Substack Post: "How To Solve HHS’s Failure To Address The Climate Crisis" (September 12th)

For this week's post I noted my essay posted this past Friday by Health Affairs and titled, "How To Solve HHS's Failure to Address the Climate Crisis."  It is at:   It also appears via Substack at:

It opens with: 

"From an anthropocentric perspective the climate crisis is fundamentally a threat to human health if not survival. The World Health Organization defines it as “the single biggest health threat facing humanity.” Logic dictates that the Department of Health and Human Services (HHS) take the lead in mitigating climate-related health harms. President Joe Biden immediately recognized this reality in a January 2021 executive order that stated because the US has a “narrow moment” to take action he directed HHS to, in sum, decrease climate-related risks among the elderly, children, and people with disabilities.

However, after two rule-making cycles, the Centers for Medicare and Medicaid Services (CMS) has failed to take any regulatory action requiring Medicare and Medicaid providers to reduce their considerable carbon footprint. CMS’s last 2023 opportunity was via the hospital inpatient prospective payment rule finalized August 1."



Substack Post: The Inflation Reduction Act Offers the Healthcare Industry an Opportunity to Save Itself (Sept. 5th)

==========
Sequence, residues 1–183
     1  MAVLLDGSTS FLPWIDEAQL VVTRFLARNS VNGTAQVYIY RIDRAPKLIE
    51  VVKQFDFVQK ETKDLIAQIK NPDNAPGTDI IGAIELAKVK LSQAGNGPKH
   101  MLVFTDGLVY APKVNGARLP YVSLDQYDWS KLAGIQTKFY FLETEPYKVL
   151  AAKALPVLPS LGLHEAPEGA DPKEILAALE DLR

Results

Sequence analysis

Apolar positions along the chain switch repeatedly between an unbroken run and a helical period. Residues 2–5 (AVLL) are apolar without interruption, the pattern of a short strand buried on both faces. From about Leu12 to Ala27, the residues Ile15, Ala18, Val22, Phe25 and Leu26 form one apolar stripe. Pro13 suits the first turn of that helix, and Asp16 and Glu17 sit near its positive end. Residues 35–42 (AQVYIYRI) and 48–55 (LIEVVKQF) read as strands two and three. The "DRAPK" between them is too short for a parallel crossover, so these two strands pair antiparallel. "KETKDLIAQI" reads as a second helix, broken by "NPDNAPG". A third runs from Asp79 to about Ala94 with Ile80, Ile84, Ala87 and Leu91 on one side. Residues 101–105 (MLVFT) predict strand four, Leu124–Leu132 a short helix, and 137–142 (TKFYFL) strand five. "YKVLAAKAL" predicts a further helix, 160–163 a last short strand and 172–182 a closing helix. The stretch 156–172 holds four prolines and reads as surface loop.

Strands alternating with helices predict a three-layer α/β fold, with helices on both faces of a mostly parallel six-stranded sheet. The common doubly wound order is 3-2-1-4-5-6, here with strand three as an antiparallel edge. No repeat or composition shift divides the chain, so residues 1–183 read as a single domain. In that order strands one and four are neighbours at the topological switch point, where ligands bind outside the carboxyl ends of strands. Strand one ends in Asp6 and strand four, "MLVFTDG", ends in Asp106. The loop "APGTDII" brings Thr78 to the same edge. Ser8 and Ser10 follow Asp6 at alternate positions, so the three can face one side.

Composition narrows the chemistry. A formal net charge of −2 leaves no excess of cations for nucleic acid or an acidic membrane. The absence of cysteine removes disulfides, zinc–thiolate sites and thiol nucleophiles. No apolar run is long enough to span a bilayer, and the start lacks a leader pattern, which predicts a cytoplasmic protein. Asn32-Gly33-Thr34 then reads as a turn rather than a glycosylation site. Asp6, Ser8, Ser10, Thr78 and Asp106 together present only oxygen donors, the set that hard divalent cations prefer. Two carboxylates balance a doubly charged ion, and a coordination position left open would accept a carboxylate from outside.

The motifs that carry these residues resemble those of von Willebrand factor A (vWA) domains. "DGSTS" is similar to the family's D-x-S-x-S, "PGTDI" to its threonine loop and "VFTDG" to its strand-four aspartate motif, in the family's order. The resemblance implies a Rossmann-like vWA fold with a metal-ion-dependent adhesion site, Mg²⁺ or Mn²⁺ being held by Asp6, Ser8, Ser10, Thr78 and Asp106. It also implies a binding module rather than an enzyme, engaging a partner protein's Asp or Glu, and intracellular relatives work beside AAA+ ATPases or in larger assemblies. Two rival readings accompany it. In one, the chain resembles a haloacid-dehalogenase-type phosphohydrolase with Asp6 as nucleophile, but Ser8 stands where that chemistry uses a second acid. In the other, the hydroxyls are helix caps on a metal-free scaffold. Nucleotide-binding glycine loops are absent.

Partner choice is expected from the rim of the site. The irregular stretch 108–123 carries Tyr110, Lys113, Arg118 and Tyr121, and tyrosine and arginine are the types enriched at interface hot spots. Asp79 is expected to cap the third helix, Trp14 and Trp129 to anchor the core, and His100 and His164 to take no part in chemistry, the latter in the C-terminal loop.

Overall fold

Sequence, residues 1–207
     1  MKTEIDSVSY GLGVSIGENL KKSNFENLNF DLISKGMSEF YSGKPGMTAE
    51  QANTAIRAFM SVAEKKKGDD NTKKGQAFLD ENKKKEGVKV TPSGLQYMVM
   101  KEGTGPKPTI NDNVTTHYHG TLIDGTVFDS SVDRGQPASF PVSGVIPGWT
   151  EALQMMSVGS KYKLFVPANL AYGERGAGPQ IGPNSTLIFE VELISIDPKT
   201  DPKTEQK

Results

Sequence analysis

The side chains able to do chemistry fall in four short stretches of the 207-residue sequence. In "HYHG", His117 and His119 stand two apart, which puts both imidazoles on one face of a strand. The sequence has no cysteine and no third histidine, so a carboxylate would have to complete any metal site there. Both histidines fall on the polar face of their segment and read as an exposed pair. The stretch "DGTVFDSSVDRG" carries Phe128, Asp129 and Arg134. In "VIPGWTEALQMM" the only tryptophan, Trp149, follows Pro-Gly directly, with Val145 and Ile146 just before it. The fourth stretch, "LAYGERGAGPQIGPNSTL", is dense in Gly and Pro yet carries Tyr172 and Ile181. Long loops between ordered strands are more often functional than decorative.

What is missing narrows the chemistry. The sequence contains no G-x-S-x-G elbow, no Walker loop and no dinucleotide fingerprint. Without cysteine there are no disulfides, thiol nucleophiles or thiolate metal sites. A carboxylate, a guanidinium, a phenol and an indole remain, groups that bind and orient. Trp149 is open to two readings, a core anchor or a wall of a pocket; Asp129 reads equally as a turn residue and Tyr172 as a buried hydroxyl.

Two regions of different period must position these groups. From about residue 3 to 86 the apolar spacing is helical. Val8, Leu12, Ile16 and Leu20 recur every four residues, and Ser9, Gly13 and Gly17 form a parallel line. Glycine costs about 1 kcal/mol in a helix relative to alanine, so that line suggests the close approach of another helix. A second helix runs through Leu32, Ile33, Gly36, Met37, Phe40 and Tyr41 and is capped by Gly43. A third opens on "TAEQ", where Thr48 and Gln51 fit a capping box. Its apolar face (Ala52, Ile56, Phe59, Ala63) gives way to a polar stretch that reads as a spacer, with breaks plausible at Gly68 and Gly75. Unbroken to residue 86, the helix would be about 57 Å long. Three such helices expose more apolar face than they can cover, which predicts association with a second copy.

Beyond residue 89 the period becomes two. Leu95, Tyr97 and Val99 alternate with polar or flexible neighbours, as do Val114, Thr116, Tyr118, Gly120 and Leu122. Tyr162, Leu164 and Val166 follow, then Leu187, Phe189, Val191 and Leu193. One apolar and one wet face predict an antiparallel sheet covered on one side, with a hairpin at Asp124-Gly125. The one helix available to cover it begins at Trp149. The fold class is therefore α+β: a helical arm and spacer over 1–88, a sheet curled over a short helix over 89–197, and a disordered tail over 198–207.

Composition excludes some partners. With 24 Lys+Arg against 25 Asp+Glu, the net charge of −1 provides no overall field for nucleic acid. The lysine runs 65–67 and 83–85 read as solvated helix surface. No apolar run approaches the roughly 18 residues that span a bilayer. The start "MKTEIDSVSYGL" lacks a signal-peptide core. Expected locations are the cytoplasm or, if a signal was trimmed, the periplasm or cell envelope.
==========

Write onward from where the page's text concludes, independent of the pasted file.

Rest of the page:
This writing makes note of the fact that the likely, if not definitively, more significant healthcare provisions of the Inflation Reduction Act are the new law's tax credits - because tax exempt entities, like the 60% of hospitals that are non-profit, can exploit them.  


Please read and as always feel free to comment.    


Substack Post: "Environmental Justice is - Still - Unrelated to the Climate Crisis" (August 29th)

Dear Listeners:

Today, I posted my latest Substack writing under this title.  It largely makes note of the fact the CDC's recently-announced Environmental Justice Index (EJI), the topic of my first or last Substack writing, fails to recognize or moreover account for climate crisis-related health harms - fossil fuel combustion and resulting anthropogenic greenhouse gas warming are of course the leading cause of environmental injustice.  

The post is at:

Thank you.



First Substack Newsletter Post: "HHS's Environmental Justice Index Constitutes Redlining" (August 22nd)

Dear Listeners: